Changes to the DOL Fiduciary Rule: What About Life Insurance Sales?

What About Life Insurance Sales?

That’s the primary question we’ve been seeking clarity on regarding the DOL Fiduciary Rule and the end of Temporary Enforcement Action effective February 1, 2022.

As is often the case in our business, the answer has some nuances.

To answer this question fully, it is critical to understand what changed at the start of February, and that requires understanding the DOL’s Temporary Enforcement Action relative to the Fiduciary Rule. Essentially, this delayed the beginning of formal enforcement of many of the elements of the Rule:

“…provides that from Dec. 21, 2021, through Jan. 31, 2022, the department will not pursue prohibited transaction claims against investment advice fiduciaries who are working diligently, and in good faith, to comply with the Impartial Conduct Standards (i.e., best interest, reasonable compensation and without misleading statements) for transactions exempted in PTE 2020-02. In addition, the department will not treat such fiduciaries as if they were violating the applicable prohibited transaction rules. Finally, the department will not enforce the specific documentation and disclosure requirements for rollovers in PTE 2020-02 through June 30, 2022. However, all other requirements of the exemption will be subject to full enforcement on Feb. 1, 2022.”1

Of course, if that policy expired January 1, 2022, it follows that the department will enforce all of the above on a go forward basis, including enforcement for transactions and advisors that fall under PTE 84-24, which applies to insurance transactions (The PTE 2020-02 applies to securities transactions).

This outcome takes us back to our initial question: What about Life Insurance sales?

Some in the Insurance Carrier community have long required a PTE 84-24 form for life insurance sales in a qualified plan. That remains unchanged. The grey area and one not addressed specifically by the Rule revolves around life insurance sales that are ultimately funded with a distribution from a qualified plan. Those sales generally involve a two-step process of distribution first, followed by policy funding versus funds being transferred directly from the current custodian to the life insurance company.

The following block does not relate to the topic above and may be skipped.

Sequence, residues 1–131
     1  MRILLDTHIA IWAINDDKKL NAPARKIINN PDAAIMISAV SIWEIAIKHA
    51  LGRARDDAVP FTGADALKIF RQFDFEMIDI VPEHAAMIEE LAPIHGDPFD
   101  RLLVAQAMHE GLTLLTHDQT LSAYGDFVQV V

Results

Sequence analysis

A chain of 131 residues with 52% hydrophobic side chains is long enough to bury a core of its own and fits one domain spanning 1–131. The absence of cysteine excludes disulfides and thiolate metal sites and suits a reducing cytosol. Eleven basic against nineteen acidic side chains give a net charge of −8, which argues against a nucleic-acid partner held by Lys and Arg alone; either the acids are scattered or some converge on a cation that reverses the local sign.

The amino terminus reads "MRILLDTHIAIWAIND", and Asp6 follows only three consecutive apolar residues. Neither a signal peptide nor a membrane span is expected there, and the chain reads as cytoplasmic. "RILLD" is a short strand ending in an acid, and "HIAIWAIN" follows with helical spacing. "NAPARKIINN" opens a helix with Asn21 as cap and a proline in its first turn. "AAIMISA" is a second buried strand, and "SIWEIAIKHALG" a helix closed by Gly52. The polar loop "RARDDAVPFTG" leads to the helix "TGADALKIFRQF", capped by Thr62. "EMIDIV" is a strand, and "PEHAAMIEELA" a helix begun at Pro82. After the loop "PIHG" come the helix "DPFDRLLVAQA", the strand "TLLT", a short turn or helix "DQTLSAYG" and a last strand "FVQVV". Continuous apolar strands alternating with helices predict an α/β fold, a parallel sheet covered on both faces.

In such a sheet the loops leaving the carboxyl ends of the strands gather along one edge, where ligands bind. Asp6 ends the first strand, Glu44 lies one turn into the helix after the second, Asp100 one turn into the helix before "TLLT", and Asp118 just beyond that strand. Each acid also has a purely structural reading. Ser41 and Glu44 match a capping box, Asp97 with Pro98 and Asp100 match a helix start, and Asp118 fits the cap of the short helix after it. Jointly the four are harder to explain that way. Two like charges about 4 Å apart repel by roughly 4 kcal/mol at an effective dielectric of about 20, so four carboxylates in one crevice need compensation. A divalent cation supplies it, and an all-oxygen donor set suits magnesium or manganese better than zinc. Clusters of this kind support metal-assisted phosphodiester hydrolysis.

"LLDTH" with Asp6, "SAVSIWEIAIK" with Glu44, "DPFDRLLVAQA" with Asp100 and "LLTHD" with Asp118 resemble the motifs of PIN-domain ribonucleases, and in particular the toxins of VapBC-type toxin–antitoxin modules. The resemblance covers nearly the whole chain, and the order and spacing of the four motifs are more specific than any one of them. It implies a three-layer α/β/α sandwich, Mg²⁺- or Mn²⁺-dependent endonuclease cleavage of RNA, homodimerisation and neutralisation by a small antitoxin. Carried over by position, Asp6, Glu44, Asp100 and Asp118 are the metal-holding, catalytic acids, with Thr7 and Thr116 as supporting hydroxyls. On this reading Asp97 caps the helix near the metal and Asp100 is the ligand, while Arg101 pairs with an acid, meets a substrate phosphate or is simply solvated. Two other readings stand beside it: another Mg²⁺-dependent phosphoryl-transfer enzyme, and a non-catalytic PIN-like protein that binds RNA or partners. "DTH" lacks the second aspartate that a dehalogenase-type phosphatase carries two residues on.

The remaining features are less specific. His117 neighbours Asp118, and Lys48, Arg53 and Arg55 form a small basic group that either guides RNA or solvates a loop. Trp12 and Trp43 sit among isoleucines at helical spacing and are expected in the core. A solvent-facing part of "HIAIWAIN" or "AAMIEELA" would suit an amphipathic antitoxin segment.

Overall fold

As of this writing, AIN is not aware of an Insurance Company requiring a PTE 84-24 form for these sales based on their interpretation of the Rule. That said, the party responsible for executing the PTE 84-24 is the advisor, not the insurance company.

As part of our research into this issue we asked a subject matter expert affiliated with Finseca for their thoughts on the Rule’s applicability to these types of sales. They confirmed the Insurance Company position in large part. They did make the point that, again, the advisor is ultimately responsible, and it is much easier to defend any questions about a transaction like this with a properly executed PTE 84-24 than it is without one. Clearly a conservative opinion, but one that may align with the advisor’s appetite for risk.

For this reason, AIN has created a sample PTE 84-24 document as a starting place for agencies and advisors who elect to take this conservative approach and need assistance in sourcing a suitable form. This form is NOT intended for direct use, but only as a starting point for a form developed and deployed by your firm under the guidance of your legal counsel. This form has also been added to the Model Documents collection in the Operations Intel section of AIN Essentials

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